2. plays resulting from any 'pay-for-play' arrangement i.e. where payment is made to any person or entity in order to procure artificial pEays via streaming, regardless of whether such streaming is brought about via automated or non-automated means, and with or without human intervention.
  3. Absent reasonable evidence to the contrary, the signatories agree that plays resulting from marketing or promotional campaigns which merely encourage consumers to engage in sessions of genuine listening to particular artists or recordings shall be deemed legitimate consumption.


  1. The signatories to this Code condemn the practice of stream manipulation, and agree to use reasonable efforts to communicate a zero-tolerance approach to related activities:
  2. within their respective organisations, e.g. in appropriate guidance and/or policies to employees and consultants; and to third parties wherever deemed appropriate, including pursuant to public statements and other official communications (e.g. on the signatories' websites or press comments) referencing their adoption of this Code. In the case of rights holders, such third parties may include external teams engaged in marketing and promotions, distributed labels, artists and artists' representatives.
  3. Rights holders agree to: undertake as part of their industry-level anti-piracy and content protection operations reasonable investigations to identify stream manipulation; and undertake reasonably appropriate and proportionate actions where there is reasonable evidence of stream manipulation.
  4. Streaming service providers agree to implement a set of balanced, commercially reasonable measures and controls enabling the prevention and/or reduction of stream manipulation, including supporting in a commercially and technologically reasonable and proportionate manner.
  5. In the event of any suspected illegitimate activity, rights holders shall provide reasonable support to streaming service providers' investigations, including provision of all relevant and available information. Streaming service providers agree, in their conduct of appropriate, commercially and technologically reasonable investigations, to consider all relevant information in connection with and available at the time of such investigations and to make ultimate determinations based on principles of fairness, consistency and, wherever possibte, transparency.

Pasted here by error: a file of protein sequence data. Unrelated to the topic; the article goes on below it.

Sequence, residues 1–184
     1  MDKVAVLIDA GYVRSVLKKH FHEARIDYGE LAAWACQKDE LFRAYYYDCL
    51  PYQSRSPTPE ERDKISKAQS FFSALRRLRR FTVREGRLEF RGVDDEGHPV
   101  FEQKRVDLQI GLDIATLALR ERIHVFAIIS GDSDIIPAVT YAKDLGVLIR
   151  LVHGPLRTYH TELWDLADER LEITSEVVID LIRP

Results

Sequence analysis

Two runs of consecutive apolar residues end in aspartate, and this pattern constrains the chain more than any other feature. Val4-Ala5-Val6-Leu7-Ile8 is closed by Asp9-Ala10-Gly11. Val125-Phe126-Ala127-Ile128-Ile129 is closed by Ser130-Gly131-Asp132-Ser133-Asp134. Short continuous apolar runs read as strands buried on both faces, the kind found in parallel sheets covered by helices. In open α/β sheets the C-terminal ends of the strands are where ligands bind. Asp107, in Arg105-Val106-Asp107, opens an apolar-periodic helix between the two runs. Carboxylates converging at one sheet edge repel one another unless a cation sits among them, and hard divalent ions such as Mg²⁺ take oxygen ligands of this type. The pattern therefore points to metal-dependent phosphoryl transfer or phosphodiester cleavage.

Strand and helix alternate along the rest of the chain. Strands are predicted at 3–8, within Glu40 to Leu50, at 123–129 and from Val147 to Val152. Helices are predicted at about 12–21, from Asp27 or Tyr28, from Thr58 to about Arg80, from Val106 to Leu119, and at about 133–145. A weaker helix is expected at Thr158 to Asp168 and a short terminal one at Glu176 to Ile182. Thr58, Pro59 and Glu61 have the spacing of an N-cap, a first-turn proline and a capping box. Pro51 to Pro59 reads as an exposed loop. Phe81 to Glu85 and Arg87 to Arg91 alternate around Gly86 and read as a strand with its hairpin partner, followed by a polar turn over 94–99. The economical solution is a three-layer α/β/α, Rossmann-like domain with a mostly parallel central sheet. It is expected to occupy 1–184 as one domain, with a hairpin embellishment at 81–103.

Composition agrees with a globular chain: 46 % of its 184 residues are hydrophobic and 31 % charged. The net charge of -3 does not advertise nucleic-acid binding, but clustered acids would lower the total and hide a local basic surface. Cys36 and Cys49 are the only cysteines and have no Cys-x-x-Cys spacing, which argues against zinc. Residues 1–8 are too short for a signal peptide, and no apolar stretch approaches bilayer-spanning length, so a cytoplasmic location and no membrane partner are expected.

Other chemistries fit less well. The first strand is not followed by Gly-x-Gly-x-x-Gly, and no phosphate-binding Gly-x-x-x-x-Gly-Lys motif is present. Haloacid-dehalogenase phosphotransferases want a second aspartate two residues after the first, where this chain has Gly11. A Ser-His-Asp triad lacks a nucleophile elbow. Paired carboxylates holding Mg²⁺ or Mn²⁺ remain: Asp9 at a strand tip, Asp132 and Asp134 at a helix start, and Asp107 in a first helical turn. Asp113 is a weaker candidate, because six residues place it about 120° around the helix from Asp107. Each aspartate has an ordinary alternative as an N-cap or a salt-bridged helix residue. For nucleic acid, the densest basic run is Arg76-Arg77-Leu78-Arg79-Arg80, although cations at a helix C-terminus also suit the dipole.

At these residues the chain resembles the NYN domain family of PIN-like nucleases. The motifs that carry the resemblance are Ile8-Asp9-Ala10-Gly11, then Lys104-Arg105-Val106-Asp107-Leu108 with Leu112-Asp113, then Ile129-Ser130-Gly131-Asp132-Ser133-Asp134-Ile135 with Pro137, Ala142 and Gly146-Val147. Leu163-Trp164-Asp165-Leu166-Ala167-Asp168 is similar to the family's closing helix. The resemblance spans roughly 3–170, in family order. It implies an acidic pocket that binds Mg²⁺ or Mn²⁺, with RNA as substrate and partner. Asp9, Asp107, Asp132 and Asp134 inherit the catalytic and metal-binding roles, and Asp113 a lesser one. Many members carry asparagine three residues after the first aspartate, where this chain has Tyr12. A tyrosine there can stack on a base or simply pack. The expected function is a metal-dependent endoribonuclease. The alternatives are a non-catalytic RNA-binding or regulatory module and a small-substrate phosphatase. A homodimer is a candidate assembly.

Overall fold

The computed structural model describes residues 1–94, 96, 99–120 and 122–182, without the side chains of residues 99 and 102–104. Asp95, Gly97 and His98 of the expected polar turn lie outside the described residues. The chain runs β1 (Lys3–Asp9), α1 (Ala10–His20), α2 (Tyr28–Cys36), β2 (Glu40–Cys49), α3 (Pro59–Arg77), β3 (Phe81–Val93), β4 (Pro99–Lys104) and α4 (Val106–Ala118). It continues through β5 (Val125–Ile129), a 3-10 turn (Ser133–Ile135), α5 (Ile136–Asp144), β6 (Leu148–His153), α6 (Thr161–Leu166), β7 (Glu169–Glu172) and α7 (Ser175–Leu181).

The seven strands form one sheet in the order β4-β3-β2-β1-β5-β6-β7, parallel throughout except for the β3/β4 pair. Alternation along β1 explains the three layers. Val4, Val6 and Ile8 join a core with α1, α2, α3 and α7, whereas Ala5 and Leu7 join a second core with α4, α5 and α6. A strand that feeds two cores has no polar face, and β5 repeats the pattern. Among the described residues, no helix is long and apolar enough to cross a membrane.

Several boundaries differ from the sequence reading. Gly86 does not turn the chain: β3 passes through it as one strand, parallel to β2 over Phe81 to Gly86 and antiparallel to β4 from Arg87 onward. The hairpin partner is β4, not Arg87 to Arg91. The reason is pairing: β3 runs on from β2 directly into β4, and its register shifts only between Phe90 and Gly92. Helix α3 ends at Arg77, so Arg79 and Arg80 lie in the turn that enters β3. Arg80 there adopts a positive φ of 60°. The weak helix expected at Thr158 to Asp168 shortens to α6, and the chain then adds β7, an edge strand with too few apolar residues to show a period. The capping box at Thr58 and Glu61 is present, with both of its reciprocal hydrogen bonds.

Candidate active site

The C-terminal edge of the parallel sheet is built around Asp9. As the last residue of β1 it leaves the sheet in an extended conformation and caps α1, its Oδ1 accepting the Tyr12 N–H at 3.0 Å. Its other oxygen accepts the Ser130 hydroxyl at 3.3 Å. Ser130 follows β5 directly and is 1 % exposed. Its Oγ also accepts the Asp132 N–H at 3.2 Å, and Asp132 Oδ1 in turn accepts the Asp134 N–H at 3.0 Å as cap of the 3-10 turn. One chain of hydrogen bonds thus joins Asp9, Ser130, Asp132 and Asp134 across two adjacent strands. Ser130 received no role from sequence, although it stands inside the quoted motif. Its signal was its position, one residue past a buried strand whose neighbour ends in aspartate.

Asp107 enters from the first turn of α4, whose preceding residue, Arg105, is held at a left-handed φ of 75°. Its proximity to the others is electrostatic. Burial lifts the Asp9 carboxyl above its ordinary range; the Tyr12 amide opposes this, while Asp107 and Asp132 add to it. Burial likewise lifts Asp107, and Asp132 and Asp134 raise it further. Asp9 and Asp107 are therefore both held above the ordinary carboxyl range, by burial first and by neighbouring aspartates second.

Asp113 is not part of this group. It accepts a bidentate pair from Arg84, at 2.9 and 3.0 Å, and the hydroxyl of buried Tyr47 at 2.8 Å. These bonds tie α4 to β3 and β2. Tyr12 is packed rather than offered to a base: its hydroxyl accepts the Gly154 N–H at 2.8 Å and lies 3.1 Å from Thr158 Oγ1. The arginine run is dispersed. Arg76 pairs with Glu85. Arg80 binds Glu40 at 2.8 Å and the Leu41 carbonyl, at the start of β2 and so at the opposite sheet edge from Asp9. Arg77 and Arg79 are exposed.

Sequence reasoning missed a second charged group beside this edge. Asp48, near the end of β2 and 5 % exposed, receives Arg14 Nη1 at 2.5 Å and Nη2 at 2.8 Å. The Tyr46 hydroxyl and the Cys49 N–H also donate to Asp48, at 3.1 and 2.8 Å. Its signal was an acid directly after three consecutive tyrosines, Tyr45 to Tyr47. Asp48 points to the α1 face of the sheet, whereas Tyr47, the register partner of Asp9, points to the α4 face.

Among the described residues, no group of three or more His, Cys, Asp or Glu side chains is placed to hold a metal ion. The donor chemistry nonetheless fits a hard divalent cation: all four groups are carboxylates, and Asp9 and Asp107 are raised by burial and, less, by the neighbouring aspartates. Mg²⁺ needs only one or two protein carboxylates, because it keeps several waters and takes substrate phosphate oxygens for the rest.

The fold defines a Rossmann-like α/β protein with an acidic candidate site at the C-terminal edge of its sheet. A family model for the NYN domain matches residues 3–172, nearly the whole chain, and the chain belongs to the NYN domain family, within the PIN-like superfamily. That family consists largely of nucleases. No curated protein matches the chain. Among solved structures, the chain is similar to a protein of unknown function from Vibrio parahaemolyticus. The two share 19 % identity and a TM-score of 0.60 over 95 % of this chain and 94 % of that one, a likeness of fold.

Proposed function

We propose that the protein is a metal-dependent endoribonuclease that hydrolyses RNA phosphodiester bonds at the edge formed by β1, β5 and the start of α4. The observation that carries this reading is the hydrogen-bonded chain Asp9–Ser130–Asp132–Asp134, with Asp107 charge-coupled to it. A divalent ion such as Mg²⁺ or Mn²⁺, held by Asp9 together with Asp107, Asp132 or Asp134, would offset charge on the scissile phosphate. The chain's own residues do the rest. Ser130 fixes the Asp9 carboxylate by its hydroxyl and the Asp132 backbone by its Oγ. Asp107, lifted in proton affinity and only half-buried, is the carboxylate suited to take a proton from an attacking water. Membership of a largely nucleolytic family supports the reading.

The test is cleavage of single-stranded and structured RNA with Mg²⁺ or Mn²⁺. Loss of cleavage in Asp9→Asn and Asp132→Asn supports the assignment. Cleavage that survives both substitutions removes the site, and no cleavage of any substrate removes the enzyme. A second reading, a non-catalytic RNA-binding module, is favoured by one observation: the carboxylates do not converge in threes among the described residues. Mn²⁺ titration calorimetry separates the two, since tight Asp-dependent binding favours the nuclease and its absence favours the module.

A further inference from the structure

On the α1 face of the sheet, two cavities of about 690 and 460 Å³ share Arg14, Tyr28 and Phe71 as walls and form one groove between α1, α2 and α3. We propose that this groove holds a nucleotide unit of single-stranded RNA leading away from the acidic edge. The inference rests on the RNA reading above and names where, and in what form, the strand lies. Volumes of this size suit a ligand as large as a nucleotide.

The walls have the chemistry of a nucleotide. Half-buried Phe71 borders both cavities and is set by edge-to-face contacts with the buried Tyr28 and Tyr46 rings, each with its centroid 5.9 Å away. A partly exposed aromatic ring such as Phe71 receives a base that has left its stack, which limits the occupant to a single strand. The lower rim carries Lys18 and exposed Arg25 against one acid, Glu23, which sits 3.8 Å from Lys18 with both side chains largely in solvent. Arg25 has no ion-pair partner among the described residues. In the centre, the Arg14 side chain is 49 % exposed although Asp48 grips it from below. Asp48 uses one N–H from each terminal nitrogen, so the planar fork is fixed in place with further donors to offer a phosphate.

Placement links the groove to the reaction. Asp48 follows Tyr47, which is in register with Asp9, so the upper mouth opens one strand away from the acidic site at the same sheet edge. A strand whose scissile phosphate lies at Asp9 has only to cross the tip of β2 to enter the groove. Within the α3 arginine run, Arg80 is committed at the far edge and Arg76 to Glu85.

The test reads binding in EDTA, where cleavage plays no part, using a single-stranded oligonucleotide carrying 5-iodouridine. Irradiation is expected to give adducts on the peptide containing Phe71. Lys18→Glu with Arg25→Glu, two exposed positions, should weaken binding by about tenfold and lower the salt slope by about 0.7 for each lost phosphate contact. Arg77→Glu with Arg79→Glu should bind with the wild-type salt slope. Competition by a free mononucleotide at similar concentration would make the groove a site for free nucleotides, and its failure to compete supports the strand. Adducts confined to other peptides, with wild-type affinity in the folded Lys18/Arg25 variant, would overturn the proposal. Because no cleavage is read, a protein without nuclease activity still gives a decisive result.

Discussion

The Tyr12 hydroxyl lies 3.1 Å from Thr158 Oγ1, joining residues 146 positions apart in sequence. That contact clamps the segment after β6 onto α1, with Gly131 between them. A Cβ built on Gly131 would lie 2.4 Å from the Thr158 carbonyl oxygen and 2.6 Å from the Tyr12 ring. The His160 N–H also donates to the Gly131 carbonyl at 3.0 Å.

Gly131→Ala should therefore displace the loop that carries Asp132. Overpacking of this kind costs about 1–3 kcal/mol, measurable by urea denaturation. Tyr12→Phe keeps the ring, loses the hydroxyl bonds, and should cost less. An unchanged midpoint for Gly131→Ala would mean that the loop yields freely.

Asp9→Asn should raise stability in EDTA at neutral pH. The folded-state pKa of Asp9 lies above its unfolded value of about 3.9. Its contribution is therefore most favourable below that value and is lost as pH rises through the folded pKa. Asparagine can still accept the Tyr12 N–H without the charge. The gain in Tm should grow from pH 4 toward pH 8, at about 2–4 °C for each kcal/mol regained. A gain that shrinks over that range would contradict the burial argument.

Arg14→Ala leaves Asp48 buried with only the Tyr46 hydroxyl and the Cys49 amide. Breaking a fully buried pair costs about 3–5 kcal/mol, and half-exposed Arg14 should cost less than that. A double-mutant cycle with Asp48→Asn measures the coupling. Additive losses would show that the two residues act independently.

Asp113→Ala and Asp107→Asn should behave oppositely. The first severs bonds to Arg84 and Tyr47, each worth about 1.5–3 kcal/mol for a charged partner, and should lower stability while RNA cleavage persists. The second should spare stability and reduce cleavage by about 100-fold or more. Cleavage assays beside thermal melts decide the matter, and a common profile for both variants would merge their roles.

6. The signatories will consult with one another periodically to consider current information and developments on stream manipulation, to enable an exchange of best practice and strategies for addressing the problem, and to revise this Code where necessary.
  7. From time to time, the signatories may share information regarding third parties (including marketing and promotion companies) which have been found on the basis of reasonable evidence to have engaged in stream manipulation.


The signatories will undertake actions contemplated by this Code in a manner ensuring full compliance with applicable laws including national and EU competition laws.


This Code is not legally binding and does not create any contractual or pre-contractual obligations under any law or legal system. Nothing in this Code shall be construed as creating any liability, rights, as a waiver of any rights or obligations for any parties, or as releasing any parties from their legal obligations. This Code shall not be construed in any way as replacing or interpreting any existing legal framework. This Code is not to be used as, or form part of, evidence in any legal proceedings.

Nothing in this Code shall affect the terms of private agreements between rights holders  and streaming service providers.


The initial signatories to this Code as of June 18, 2019, are Amazon, American Association of Independent Music, Artist Rights Alliance, Deezer, IMPALA, International Artist Organisation, International Confederation of Music Publishers, International Federation of Musicians, International Federation of the Phonographic Industry, Independent Music Publishers International Forum, Merlin, National Music Publishers' Association, Recording Academy, Recording Industry Association of America, Sony/ATV Music Publishing, Sony Music Entertainment, Spotify, Universal Music Group, Warner Music Group, Worldwide Independent Network, Universal Music Publishing Group, Concord Music Publishing, Kobalt Music Publishing, Federazione Editori Musicali, Musicnotes; additional parties may affirm the principles set forth in this Code and may agree to be treated as signatories at any time.